Australia’s vice-captain David Warner is as repentant about his wild reaction to “vile and disgusting” comments about his wife from Quinton de Kock as he is unrepentant about the way he behaved on the field in Durban, and insists spending the next two years only a single disciplinary infraction from an ICC suspension will not change the way he plays.
Speaking for the first time since accepting a fine of more than A$13,000 for “conduct bringing the game into disrepute“, Warner said the fact he had not been sanctioned a single time by the ICC since 2015 was a strong indicator that, apart from the Durban lapse, his behaviour has been more than acceptable.
At the same time, he conceded he had not shown enough restraint in his reaction to de Kock’s comment, which Warner revealed had been muttered quietly as he and Tim Paine began to mount the stairs from the players’ race at Kingsmead up towards the two dressing rooms. While saying he had been called “every name under the sun”, Warner said that disparaging comments about family members were out of bounds, and strongly denied claims from the South African camp that he had mocked de Kock’s sister or mother.
“I think you guys are well aware that I cop it left, right and centre, especially off the field from spectators. I am used to that and it doesn’t bother me,” Warner said in Port Elizabeth. “But in the proximity of my personal space and behind me, a comment that was vile and disgusting and about my wife and just in general about a lady was quite poor, I felt, and as I said my emotional response, you saw, was just something that I don’t believe should have been said.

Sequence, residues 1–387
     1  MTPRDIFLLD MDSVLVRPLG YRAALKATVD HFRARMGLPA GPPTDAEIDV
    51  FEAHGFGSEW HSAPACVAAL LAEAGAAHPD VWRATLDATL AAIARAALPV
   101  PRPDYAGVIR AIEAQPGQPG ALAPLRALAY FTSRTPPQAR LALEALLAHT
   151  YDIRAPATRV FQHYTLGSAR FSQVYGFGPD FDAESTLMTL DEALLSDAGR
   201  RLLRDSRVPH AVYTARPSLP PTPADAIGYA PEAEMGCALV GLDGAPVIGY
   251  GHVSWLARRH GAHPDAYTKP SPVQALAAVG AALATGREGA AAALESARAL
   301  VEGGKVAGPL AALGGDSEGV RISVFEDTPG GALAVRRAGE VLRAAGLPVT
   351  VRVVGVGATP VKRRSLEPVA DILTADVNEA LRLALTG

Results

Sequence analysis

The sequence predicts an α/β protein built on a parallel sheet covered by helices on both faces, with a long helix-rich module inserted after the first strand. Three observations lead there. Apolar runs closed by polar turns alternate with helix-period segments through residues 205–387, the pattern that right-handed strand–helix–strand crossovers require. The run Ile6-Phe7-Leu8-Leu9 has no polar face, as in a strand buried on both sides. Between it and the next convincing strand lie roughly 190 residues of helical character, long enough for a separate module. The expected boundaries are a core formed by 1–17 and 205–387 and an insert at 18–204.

“I will always stick up for my family. And in that case, my team-mates as well. I just would have liked him to say the comment a little bit louder, instead of muttering it under his breath next to me and Tim Paine, and then walking up the stairs and saying ‘I didn’t say anything’ as soon as the rest of his team came out. At the end of the day, we’re all men, and if you’re going to say something, you look someone in the eye and say it.
“I’ve always felt that when it comes to family or racism comments or anything like that, that’s just a no-go zone. I’ve been called everything under the sun out the field and that, quite frankly, doesn’t bother me. Each individual is different, of course, but if we are going to jot down everything that is in that sort of spectrum, whether it is calling me a slowcoach on the field or whatever it is, it is up to the individual, but at the end of the day, the other day was, I felt, was probably out of line. I’ve seen the footage and I regret the way it played out but, for me, it is how I am and I responded emotionally.”
Fresh CCTV footage of Warner and de Kock has provided the missing link between pictures capturing the two teams walking off the field of play at tea on day four and the stairwell footage that showed an irate Warner being kept at a distance from de Kock by several team-mates, including Usman Khawaja, Steven Smith and Tim Paine. The suddenness of Warner’s change in body language suggests something quite different to anything previously said between the pair.